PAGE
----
Jan Demel7 min

How We Built the Backend for a Banking App in 2 Months

EngineeringProductJul 25, 2022



Jul 25, 2022

Jan DemelBackend Engineering Manager

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It all began when STRV was tasked with building the MVP of a banking application for Nav (online banking for business financing) in two months. Impossible? Generally, yes, but we made it happen. This article explains how.

When you start a project like Nav Business Checking with such a tight deadline, the first thing to remember is: Don’t even think of developing everything yourself. It’s better to use existing services, SaaS and other options on the market.

This advice doesn’t only apply to a crazy deadline. Whatever the scenario, if there are tools that can do the job, why reinvent them?

On top of that, using battle-tested third parties will improve the security of the whole application. A third-party provider whose only product is its API or service is likely to have its implementation better secured than you would since it’s the provider’s only job. This is especially relevant when talking about banking.

Let’s talk about what we did during those two months, which tools we used (and why) — plus some advice that may help you on a similar project.

“We gave the STRV team an absurdly compact timeline to launch a full-featured small business bank account. Despite this, my confidence in their ability to deliver was never in doubt. STRV’s ability to fully grasp the interoperability of the multiple services has resulted in early signs of success measured via customer engagement.”

– George Kurtyka, VP & Head of New Product Strategy at Nav

Banking as a Service

Probably the most important tool we used is Unit, a banking-as-a-service platform that basically solves the real magic behind the backend for you. Take advantage of it and bam, you have your banking app, DONE.

Just kidding.

Unit doesn't solve everything — but it does solve quite a large scale of things! Its API provides you with features allowing the user to issue a credit card (both virtual and physical), open an account, make a payment (ACH), see transactions… and, according to their roadmap, more features are coming!

So... what’s the catch? Why do you need another service? Isn't Unit enough?

Well, your users need a way to fund their accounts. You have multiple options — but it would be great to let users connect their existing bank accounts to your app, right?

Funding Account

As mentioned, you have several options. But the ones that make the most sense are:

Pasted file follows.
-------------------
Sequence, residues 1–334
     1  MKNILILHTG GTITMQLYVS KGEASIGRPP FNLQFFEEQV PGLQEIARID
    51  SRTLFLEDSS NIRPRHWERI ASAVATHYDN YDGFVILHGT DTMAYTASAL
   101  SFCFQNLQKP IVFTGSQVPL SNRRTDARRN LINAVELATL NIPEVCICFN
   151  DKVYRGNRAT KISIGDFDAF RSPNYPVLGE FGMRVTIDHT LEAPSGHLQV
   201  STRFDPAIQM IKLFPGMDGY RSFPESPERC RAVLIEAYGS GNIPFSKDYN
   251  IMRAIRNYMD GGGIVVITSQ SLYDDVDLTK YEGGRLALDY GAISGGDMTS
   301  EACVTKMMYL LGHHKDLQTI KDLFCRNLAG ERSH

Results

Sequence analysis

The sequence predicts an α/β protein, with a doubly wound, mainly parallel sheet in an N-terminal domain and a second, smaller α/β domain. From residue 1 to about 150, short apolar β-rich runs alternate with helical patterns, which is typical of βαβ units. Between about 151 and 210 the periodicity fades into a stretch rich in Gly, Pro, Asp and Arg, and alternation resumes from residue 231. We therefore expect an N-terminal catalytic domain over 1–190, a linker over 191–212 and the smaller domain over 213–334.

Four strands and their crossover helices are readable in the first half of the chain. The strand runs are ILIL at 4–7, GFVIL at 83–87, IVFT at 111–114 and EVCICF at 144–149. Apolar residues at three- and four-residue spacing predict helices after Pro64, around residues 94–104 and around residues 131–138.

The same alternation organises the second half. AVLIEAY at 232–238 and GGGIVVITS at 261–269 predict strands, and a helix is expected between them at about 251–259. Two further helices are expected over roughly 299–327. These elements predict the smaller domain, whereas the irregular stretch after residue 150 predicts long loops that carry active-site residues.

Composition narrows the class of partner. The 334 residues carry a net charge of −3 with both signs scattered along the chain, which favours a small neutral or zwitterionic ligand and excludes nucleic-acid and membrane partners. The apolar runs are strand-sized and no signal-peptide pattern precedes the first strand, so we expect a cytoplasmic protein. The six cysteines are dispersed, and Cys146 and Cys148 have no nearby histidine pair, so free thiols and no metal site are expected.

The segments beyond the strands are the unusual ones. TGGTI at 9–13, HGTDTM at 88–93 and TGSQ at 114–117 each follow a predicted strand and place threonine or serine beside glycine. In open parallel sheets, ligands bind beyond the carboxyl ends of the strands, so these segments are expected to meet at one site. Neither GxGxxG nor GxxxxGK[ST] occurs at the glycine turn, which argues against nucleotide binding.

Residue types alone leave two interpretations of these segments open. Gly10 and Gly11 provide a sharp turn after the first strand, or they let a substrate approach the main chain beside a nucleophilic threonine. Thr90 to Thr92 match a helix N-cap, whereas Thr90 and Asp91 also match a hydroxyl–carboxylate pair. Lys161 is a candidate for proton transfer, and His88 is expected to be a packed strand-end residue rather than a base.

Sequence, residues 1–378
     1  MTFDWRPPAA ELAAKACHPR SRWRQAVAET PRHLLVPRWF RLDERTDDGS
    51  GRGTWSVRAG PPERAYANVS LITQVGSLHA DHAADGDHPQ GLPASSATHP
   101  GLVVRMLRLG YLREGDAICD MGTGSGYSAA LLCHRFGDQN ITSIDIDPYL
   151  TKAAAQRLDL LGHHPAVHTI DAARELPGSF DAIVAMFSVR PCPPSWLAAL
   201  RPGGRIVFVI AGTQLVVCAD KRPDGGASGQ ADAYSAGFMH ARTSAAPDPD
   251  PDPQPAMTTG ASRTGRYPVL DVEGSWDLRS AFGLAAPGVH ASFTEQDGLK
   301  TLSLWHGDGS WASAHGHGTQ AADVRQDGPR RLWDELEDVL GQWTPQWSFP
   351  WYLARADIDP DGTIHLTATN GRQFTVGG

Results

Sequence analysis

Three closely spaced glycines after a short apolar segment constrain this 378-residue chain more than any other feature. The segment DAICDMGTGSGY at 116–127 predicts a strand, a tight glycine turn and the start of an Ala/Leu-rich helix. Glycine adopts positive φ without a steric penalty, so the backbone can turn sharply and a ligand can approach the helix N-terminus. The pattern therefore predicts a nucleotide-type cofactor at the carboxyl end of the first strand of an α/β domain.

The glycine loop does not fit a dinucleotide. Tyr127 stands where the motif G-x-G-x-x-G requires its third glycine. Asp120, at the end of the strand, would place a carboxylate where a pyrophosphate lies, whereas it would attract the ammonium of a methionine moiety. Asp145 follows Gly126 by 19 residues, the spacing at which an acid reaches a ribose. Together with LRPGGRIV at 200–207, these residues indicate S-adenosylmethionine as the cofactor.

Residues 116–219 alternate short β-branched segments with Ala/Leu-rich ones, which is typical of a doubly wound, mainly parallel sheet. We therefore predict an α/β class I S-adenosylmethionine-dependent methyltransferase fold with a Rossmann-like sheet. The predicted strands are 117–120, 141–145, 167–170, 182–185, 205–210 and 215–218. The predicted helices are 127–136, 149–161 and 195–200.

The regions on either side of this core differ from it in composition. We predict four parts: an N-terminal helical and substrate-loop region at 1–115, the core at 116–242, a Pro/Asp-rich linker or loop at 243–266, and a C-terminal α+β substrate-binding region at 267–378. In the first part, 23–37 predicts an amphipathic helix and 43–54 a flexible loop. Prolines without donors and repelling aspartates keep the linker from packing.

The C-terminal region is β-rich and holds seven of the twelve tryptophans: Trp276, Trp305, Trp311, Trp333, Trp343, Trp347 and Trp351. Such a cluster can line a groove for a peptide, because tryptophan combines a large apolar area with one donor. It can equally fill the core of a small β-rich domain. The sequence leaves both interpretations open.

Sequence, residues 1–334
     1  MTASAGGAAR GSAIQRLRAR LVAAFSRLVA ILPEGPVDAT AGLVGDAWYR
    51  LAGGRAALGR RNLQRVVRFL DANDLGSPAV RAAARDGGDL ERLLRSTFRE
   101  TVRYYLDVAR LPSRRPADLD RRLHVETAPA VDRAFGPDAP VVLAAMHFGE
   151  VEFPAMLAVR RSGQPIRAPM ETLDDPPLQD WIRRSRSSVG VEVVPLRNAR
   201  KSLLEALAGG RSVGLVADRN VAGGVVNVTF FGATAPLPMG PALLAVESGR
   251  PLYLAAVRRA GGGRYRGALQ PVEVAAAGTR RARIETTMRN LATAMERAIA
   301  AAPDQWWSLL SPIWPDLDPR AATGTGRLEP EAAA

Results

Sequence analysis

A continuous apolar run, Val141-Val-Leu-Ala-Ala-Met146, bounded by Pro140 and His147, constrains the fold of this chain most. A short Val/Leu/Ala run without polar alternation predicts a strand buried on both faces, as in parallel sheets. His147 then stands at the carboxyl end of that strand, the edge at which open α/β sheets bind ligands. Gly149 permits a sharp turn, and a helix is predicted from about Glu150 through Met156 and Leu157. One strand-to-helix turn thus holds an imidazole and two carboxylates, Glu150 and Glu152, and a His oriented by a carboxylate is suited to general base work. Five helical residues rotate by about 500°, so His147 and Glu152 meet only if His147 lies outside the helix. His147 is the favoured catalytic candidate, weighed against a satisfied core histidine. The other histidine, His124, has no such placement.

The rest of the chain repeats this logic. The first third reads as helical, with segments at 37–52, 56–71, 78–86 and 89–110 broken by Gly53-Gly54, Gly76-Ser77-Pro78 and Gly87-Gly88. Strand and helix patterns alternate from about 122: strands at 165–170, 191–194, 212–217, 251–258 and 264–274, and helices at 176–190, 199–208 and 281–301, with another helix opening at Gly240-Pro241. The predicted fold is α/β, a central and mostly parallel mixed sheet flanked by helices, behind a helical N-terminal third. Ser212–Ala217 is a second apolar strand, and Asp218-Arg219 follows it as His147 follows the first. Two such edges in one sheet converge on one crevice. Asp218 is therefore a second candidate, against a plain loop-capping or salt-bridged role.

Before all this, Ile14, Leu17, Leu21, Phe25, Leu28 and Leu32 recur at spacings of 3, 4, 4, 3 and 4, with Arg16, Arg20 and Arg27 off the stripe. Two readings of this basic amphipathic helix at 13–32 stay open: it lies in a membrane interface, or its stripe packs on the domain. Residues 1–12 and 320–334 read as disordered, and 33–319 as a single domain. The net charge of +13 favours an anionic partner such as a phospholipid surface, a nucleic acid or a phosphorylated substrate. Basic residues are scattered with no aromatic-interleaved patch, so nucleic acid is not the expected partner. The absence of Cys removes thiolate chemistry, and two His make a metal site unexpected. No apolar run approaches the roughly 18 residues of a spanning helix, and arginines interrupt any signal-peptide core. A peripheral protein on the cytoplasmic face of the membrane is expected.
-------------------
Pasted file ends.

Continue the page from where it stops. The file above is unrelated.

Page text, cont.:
• Connect a user’s existing banking account and allow using it for funding
  • Manually send money from the user’s banking account

The second option is pretty doable without any service. Users just send money. Everybody should be able to do that. But to enable funding an account with a connected banking account, you need some other external service. Enter Plaid.

Using Plaid (more specifically, Plaid Link) in combination with Unit is fairly simple — you redirect the user to Plaid Link (on the frontend side of the app) and, after the user goes through all necessary steps, you receive a public token. Then, exchange tokens and you can create a new linked counterparty in Unit using the Plaid processor token. This freshly-created counterparty can be used to fund an account even after the initial connection!

After some time, the connection may expire. To be prepared for this scenario, you should save the public token returned from Plaid Link in your database to use it for something called "Update Mode." But here comes a warning…

Don’t store such unencrypted data in your database, even when you use an encrypted database-as-a-service platform. For such a security-sensitive app, double-layered encryption is usually a great (and crucial) idea.

Encryption as a Service

We now know there’s data you might want to encrypt before storing. To encrypt the data before you insert it into your database, you have two options:

  • Do the encryption yourself (but, as explained, doing things yourself isn't the best idea in this scenario)
  • Use an external service

Encrypting the Data Yourself

This one’s fairly simple. There are libraries (Node has Crypto) that let you encrypt the data, so it’s quite easy to get an encryption key from a key management system or to get environment variables and encrypt the data. Then, you can save it without needing to set anything up; everything is ready to be used and your app is easy to deploy to any environment — because you don't need any external service. But, again, there’s a catch.

The first issue is performance. Encrypting the data is an expensive operation in terms of computation power. If you use asymmetric encryption, it is even more expensive.

Second, even though you might think your app is secured, this may not be the case. What if you lose the encryption key or it’s leaked? Suddenly, anyone who has the key can decrypt your stored data.

Using an External Encryption Service